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Architects, Artists And Engineers Feature In International Art Media Festival, In Cyberspace

LightWing II creates a mysterious sensation of tactile data. In this interactive installation, a kinetic construction is augmented with stereoscopic 3D projections and spatial sound.

The Digital Research Hub at the University of Auckland has co-ordinated a digital exhibition space as part of the international Ars Electronica art and technology festival, which can be visited by anyone in the world with a computer and a good internet connection.

In usual pre-pandemic circumstances, Ars Electronica is an arts and technology festival held every year in Linz, Austria, where they have a large exhibition space and a permanent facility in the city. It attracts upwards of 100,000 visitors over five days.
The festival receives contributions from all over the world and the overarching purpose is to explore where art, technology and society meet and overlap. In June and in response to the global pandemic the physical festival was dispersed to 120 'Gardens' around the world and connected through three dimensional digital exhibition spaces, which are facilitated by the Mozilla Hubs online platform.

This includes the New Zealand’s exhibition, Ars Electronica Garden Aotearoa New Zealand, co-ordinated by Uwe Rieger, who heads the arc/sec Laboratory for Cross Reality Architecture and Interactive Systems, based at the University’s School of Architecture and Planning. Garden Aotearoa will investigate the connections between art, technology and society in a New Zealand context, and features projects from around New Zealand from architects, engineers, bioengineers, technicians, artists, performers and more.

Associate Professor Rieger has participated in Ars Electronica in Austria in the last three years. “Ars Electronica is the biggest and the most influential most well-known media festival in the world,” he says.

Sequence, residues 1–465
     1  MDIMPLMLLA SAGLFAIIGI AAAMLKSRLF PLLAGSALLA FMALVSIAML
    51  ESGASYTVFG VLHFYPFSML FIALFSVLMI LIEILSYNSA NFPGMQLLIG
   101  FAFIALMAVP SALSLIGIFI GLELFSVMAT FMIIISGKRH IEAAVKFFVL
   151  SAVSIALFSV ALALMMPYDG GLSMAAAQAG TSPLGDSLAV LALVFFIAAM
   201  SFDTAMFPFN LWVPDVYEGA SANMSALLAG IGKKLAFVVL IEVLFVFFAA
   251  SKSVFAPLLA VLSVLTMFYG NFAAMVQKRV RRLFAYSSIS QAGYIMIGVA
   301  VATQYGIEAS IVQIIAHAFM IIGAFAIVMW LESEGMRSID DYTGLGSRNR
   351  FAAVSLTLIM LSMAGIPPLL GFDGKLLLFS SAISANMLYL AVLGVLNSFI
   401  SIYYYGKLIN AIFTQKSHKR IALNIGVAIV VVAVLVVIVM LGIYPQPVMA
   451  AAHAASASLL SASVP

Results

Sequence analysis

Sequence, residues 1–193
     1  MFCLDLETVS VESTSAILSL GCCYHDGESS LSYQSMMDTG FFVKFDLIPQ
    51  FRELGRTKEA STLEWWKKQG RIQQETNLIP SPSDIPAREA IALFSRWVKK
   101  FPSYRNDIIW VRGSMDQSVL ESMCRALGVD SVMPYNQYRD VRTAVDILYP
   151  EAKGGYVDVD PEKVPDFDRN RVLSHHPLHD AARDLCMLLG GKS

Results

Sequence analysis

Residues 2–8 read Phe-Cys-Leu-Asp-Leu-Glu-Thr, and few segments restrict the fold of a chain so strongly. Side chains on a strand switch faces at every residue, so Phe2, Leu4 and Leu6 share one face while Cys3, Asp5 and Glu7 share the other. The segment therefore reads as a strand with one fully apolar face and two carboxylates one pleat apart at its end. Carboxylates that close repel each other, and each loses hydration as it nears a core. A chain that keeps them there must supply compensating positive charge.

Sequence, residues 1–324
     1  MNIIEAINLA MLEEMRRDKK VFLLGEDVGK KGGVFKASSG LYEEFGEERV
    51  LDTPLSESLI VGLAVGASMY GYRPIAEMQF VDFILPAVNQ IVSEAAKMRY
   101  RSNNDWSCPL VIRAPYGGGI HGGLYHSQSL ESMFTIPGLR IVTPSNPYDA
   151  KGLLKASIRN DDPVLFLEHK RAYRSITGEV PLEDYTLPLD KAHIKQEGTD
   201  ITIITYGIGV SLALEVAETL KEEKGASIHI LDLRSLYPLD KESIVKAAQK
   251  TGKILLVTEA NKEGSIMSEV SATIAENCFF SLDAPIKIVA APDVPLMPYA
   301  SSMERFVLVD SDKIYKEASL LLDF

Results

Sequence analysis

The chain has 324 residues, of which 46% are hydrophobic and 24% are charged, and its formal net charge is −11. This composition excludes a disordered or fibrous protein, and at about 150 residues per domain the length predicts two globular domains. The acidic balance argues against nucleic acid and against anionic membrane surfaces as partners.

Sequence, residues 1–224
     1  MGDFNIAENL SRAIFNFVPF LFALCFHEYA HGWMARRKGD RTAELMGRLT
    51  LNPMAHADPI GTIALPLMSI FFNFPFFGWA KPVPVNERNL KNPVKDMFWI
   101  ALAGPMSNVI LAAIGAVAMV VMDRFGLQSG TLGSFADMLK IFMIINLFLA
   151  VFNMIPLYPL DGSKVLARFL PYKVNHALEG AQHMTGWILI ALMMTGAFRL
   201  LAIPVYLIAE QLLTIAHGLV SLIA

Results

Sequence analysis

This will be more than the usual online digital platform experience, he says. “You will become an avatar, and you will be able to meet other people from around the world in the same gallery, and if you're close enough to them, you're able to talk to them as well. So it’s a really special experience.”

Think of it as a global network of galleries, in cyberspace. “You can enter the Aotearoa Hub in New Zealand, meet a visitor from Prague, and walk together over to Tokyo, and onto New York.”

Visitors to the New Zealand gallery, Garden Aotearoa, will be taken, to cultural sites and through extraordinary landscapes. It also provides tours through workshops and research facilities such as the New Dexterity research group at the University’s Department of Mechanical Engineering and DARA (Digital Architecture Research Alliance) at Victoria University of Wellington.

Garden Aotearoa is a chance to showcase the creative and emerging technology scene of the South Pacific, says Rieger. “But Ars Electronica also brings these new technologies into the realm of tangible, allowing visitors to explore the potential of emerging technologies in a live and immersive way. “It’s essential to be able to have this kind of live experience, to really understand what these new technologies offer. The exhibition also explores the impact of these technologies, on our ecology, our society.”

He notes that Auckland Live was going to sponsor a hybrid physical and digital festival at the Aotea Centre before Covid-19 put an end to their plans. “But we’re extremely grateful for their support, and hope that we will be able to work together on such a project next year.”

For access to the Ars Electronica and Garden Aotearoa New Zealand, programme schedule, and information on contributing technologists, artists and researchers visit ars.nz. The festival will be live online 9-13 September.

Kōrero Paki takes five key moments from Maori creation tradition and transforms them into 3D holographic sculptures displayed on personal hand-held device.

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